Best approach for a retaining wall?

30 Oct 2013
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United Kingdom
I'm building my first retaining wall to level the slope in our garden for a garden office. I've been quoted £1,500 to build a 9m x 60cm retaining wall and foundation by two separate builders. Labour only.

Suffice to say I can't afford that right now. I thought it would be more like £500.

I've got quite a bit of DIY experience, but I'm not a builder. I'd really appreciate some help on a few basic questions:

1. How deep below ground do I need to go for a 60cm above ground wall?
2. If I build it in block does it matter what kind of block I buy?
3. How do I build the bottom row? I've seen things like this that recommend 2-3 thick (the bit at the bottom on retaining walls):
4. How much spacing do I need between blocks (so I can calculate how many I need)?
5. If I put a drainage pipe behind and some holes through the block at the front, do I need to do much more for drainage? It will be filled with mostly hardcore.
6. I've read that the bottom row of block needs to be laid into the concrete foundation before it sets, but I've also read you need set steel bars into the concrete to anchor the blocks in place. What is the cheapest option to secure a 60cm above ground wall?

Thanks very much for your help!
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I had to build a 900mm wall so I could level off the slope in our garden for a shed to go in.
I put long I beam in sloping into the hill so that top of the wall would be set back about 10-15cm.I had to use a soil auger to make the hole for each I beam, sunk about 800mm into the ground, slid sleepers between each I-beam, so that the I stopped the sleepers from falling out. It worked out cheaper than block/brick.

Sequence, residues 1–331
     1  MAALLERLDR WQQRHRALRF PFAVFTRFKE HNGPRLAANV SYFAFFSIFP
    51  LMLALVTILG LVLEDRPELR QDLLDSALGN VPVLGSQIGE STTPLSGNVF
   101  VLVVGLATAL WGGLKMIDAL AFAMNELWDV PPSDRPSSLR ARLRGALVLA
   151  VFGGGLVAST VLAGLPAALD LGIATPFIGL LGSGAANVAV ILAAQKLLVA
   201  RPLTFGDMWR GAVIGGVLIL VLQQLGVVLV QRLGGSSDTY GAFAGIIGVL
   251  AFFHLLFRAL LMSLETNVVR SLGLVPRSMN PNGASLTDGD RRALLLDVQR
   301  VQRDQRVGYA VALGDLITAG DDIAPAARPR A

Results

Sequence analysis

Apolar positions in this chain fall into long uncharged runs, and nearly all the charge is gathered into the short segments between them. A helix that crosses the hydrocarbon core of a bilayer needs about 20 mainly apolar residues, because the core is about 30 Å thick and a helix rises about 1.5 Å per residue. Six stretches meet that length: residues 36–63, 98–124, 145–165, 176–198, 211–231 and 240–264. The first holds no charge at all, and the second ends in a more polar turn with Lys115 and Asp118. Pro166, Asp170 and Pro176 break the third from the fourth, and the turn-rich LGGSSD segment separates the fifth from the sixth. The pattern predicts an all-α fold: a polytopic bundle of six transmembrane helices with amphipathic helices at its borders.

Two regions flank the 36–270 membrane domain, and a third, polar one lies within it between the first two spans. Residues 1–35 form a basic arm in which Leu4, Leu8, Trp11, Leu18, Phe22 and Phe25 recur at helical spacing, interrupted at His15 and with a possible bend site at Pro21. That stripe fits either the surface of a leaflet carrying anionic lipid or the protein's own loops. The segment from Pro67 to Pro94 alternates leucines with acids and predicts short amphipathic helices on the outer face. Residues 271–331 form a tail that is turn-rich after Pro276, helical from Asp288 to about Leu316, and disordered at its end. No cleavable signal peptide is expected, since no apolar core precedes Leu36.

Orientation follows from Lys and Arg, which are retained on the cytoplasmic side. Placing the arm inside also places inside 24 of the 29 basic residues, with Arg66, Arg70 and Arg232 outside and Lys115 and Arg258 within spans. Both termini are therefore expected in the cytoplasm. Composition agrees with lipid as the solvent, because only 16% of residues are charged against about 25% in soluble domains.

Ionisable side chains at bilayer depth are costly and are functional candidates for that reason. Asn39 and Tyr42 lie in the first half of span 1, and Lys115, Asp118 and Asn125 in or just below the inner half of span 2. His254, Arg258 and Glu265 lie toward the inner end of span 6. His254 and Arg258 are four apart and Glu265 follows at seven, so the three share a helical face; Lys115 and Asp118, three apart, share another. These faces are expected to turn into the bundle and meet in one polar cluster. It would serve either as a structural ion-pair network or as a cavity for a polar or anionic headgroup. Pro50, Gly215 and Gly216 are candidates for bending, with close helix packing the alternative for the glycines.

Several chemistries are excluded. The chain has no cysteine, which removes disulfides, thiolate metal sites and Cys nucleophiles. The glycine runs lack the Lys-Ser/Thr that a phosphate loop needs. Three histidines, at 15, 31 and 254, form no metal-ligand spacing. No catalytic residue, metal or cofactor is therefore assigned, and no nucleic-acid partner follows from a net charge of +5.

I also made sure the steel had plenty of primer, allowed to dry properly, ditto for the undercoat and topcoat, about 6 years later, no rust visible.
Also poured in dry mix concrete around each beam, then wet it after all the sleepers were in place. that allowed the spacing to be correct.
I've been told I need a concrete block or brick wall as it will be supporting the shed / office. Is that incorrect?

Would it be better and cheaper using wood?
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what sort of soil do you have? That can make quite a difference to the best answer. A timber wall will not last as long as block and brick but can be done quite a lot cheaper. At only 2 feet high it does not have to support a lot of weight. Install the wall with a decent slope and you could replace sections at a time without it collapsing on during any repair. My soil is very free draining and quite stony just below the surface, so timber makes sense for my garden.
The soil is loose and soft at the surface and then clay about 8-12 inches down. I was told by one of the builders who quotes me £1,500 that after the wall was built I'd need to fill it with several tonnes of hardcore. Apparently I need a lot of hardcore (and the guy was saying preferably concrete on top) to ensure there is no movement when the shed sits on top. The shed will be quite big (6m x 3m).
Is it a thin bed/lens of clay, or is the clay really thick? The load of hardcore is a red herring, you just need the concrete raft thick enough not to break when the soil moves. You already have 8-12" of movable stuff.
If the clay is thin then you could drill a bunch of holes under the line of the "shed to come" about 6" diameter breaking through below the clay and fill with dry concrete mix, it will go off nicely later...
Thanks. I'm not sure how deep the clay is. I can have a look when I dig down for the foundations of the wall. How deep should I be looking to go for the black wall foundations?
the town or county you are in will give clues.

within the London basin, clay is hundreds of feet deep.
whereas in bagshot Surrey you usually just have thin lenses of clay to contend with, used to live near there, so had a few clay patches in the small garden we had.

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